Wednesday, March 24, 2010



It only took one day of Mysore style practice to ditch the capris and fancy-schmancy yoga top in favour of my usual: spandex shorts and a sports bra (covered with a tank top, of course - no one needs to see my belly rolls). I thought I would be shy wearing those shorts in public, but no one is watching me (except the teacher and he’s just watching my transitions).

Besides, the whole Internet has seen me in my yoga shorts (via my weekly State-of-the-Backbend photos) so what am I being so shy about? Silly ego!

I was SO much more comfortable yesterday with less clothing to deal with. My Garba Pindasana was 100% better. Today I was grateful not to be wearing that heavy cotton-blend top because I was sweating buckets. This afternoon, I’ll stop by Old Navy and buy a few more of those tanks. I’m not a fashion plate yogini - I really don’t give a hoot what I look like. I just want to feel comfortable and be able to MOVE.

Today was the first day with the substitute teacher, M. He’s a friendly guy and I immediately felt at ease with him. His adjustments are different - some of them are more forceful and others are less. I like the fact that he offers some direction while assisting. I’ve never had some of these adjustments prior to this week, so I’m sometimes unsure where I’m supposed to be moving or releasing. The cues are very helpful to me.

He also told me: “You’re strong and flexible and light.” The last adjective was very satisfying. Bandhas are a bit ephemeral to me. I’m never sure if I’m doing them right or I’m doing them at all. It’s nice to get some feedback that my Bandhas are progressing. Yay, Bandhas!

I did some strategic eavesdropping while M was assisting another student with Chakrasana. The key points I picked up:
-The transition does require a bit of momentum. If your hips are up and you’re still not going over, you’re probably not going to.
-Legs come up at the same time as the arms come back; one movement!
-Even though it feels counterintuitive, it’s very important to inhale into the roll.

With these tips, I managed to complete all of my Chakrasanas (there were four) without assistance and on the last one, I landed in a very, very sloppy Chaturanga, balls of the feet on the floor. Hurrah!

I found that it was easier if I laid down, exhaled completely and then inhaled deeply as I lifted my legs and brought my arms back. And then, I visualized my bum filling with helium. Float, bum, float! And roll! :-D

I asked about the soreness in my neck and M laughed: “The soreness will move somewhere else” That’s so true! My neck already feels better today.

M also gave me some feedback on my jump-throughs. So far, I’ve been jumping into a seated position, crossed legs. He showed me how far my feet are actually off the ground and suggested that I maintain the lift, straighten my legs, and *then* lower to Dandasana. Yes! I can do this!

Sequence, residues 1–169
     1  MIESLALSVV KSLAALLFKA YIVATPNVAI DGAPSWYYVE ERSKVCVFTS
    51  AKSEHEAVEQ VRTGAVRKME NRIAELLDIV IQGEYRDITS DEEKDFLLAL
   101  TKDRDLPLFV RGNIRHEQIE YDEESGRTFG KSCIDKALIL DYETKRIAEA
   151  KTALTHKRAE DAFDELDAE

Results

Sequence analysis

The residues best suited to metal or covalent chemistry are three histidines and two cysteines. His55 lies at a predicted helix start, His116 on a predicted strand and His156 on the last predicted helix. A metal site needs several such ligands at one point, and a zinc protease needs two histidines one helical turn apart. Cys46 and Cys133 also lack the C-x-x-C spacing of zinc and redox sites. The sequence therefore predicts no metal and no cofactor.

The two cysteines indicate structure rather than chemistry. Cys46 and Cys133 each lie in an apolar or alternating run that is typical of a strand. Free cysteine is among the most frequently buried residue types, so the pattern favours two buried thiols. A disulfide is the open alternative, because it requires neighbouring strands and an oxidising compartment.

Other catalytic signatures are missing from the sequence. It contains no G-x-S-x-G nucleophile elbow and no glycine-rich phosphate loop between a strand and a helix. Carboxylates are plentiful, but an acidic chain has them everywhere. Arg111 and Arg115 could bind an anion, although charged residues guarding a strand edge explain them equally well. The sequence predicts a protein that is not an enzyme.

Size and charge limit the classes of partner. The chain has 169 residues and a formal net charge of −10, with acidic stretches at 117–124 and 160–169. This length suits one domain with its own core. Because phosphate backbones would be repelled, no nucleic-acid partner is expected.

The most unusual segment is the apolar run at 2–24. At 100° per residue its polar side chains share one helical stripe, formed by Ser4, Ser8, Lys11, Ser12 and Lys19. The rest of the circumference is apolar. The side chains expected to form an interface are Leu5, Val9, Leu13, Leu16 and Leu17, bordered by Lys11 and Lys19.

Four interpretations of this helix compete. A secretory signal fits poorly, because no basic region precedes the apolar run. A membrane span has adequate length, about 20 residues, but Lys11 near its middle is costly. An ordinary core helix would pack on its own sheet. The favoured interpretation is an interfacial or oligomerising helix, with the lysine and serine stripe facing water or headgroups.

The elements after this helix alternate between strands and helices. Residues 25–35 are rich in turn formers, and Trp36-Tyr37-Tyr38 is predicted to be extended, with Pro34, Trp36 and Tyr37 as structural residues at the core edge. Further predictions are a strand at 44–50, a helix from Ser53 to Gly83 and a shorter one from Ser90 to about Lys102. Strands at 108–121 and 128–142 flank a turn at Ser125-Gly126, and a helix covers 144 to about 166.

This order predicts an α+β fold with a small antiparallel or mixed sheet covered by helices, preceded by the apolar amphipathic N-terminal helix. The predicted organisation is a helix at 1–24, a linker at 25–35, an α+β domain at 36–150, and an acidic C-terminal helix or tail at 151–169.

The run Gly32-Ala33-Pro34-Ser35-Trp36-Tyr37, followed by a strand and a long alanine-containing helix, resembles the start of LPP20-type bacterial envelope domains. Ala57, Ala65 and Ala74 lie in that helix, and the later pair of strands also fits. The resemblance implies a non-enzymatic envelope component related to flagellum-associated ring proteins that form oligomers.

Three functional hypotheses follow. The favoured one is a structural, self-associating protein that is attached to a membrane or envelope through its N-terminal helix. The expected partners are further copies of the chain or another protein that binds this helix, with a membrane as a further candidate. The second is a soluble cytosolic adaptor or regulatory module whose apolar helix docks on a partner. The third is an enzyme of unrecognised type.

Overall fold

It’s such a relief to have a teacher offer feedback on where I *should* be, given my strength and flexibility. One of the tough things about home practice is all the guess work.

My jump-backs are also coming along. Of course, the blocks are history because there is no way I would be allowed to use them in the Shala (no party favours allowed!). But I’m now lifting as high without the blocks as I was when I was using them. Today, just once, I managed to bring my feet through my hands and jump back with just a little brush of the toes along my towel!


Moving Meditation said...

"The soreness will move somewhere else": oh, how I love this! It's so true!

I also enjoyed your post. I'm not that familiar with the Astanga style, but I recently had the opportunity to take a couple of workshops from David Swenson; as a result, I understood more of your post than I expected. I did, however, have to look up Chakrasana, and, well, I am absolutely amazed!

Selina said...

Hi there,

I've never commented before, but I love reading your blog! I've found that chakrasana is a lot easier if I point my toes and work my legs (especially hip flexors) like I do at the end of Utthita Hasta Padangusthasana, you're just holding the leg up, hands on hips. Also, once you've reached the 'point of no return', pushing down strongly with the arms like when you're going up in handstand or even into chaturanga from lying on your belly.

Hope this helps!


Grimmly said...

Big thing for me with chakrasana was keeping the chin tucked in tight and keeping it there no matter what, jalahandra bandha rocks.

Anonymous said...

Freakin' sweet--chakrasana is thine!

I don't find inhaling into the roll to be weird, and I'm also with Grim, jalandhara bandha, keeps the whole roll tight.

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